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Communication & Language and Phonics

Communication and Language


Listen to the story of “The Crunching Munching Caterpillar” that I have posted on Tapestry together and answer these questions:

  • What do you think will happen next?

  • Who did caterpillar meet first?

  • What could the sparrow do that the caterpillar wished he could do?

  • What happened when caterpillar woke up from his long sleep?

  • If you could be any minibeast, what would you be? Why?

  • Do you know any other animals that change? (egg > hen. Frogspawn > frog).




This week we are continuing to think about rhyming before moving on to a new focus next week. Reading rhyming stories and singing rhyming songs is a really important way to practise this skill. You could also make up silly rhymes for each other’s names (e.g Dan the Man, Ben 10, Late Kate) or as you go about your daily routines “come and have your toast, while I read the post!” “Now it’s time for lunch, hear your food go crunch” “Let’s go for a walk, and on the way we’ll talk.”



Here are some games you might like to play to reinforce the skill of rhyming:


Rhyming Pairs – find items that rhyme from around your home. You could either go and find these together or prepare them before-hand (e.g. hat and mat, rice and dice, cap and map, toy car and jar, sock and clock, pan and can, ted and bread, socks and box). Lay them all out on the table and see if your child can find the pairs of items. Say each pair together, emphasising the rhyming sounds.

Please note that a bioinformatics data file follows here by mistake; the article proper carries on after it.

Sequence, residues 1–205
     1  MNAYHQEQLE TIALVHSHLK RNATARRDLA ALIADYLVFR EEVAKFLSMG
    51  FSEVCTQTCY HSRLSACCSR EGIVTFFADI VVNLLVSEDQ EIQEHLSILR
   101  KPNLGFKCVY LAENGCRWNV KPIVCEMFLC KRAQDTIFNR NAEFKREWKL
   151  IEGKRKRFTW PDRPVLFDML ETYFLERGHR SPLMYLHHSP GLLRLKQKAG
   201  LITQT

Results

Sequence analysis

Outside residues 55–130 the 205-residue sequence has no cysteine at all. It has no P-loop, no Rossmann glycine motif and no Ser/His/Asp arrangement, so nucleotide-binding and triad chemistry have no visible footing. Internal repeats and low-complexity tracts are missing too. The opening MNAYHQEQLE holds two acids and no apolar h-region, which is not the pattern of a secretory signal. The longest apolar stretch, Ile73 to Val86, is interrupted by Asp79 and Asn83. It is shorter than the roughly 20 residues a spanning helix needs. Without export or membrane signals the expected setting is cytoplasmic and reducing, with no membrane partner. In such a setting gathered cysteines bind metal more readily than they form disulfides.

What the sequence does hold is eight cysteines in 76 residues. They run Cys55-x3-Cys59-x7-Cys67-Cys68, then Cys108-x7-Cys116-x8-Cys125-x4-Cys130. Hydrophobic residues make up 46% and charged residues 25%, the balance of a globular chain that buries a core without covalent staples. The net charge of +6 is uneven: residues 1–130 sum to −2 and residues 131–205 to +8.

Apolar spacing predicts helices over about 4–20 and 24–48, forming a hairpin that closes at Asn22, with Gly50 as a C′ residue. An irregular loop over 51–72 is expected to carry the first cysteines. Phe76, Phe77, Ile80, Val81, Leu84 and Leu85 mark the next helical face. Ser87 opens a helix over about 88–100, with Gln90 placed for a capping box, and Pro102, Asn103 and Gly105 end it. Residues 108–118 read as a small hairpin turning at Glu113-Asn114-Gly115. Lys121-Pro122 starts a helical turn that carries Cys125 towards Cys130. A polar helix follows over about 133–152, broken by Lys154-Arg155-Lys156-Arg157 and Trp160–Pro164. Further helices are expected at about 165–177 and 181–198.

Odd One Out – use rhyming items from around your house (there are some examples in the game above) and find some other items that do not rhyme. Lay three items in front of your child e.g. a pan, a sock and a can. Ask your child to say the name of each item and to identify the odd one out, that does not rhyme. Move the odd one out away and say the rhyming pair.


Rhyming Soup – cut up paper into squares and draw different items on each one (a frog, a dog, a cat, a hat, a pen, a hen, a bee and a tree). Place the images face up on the table and mixed up. Give your child a bowl and a wooden spoon. They need to find the rhyming pairs and put them in the bowl, stirring them up to make rhyming soup and singing the “Rhyming Soup Song” to the turn of Pop Goes the Weasel:


“Today we’re making rhyming soup,

With words that end the same way,

We put the pairs into the bowl,

And mix, mix mix aw-ay!”



You could also use these cards to play snap or pair (by turning them all over and taking turns to choose two cards and see if they rhyme. If they do, you can keep them. If they don’t, turn them back over).



Here are some more great Alphablocks episodes that include rhyme:

And here are some more rhyming stories that you might like to share together: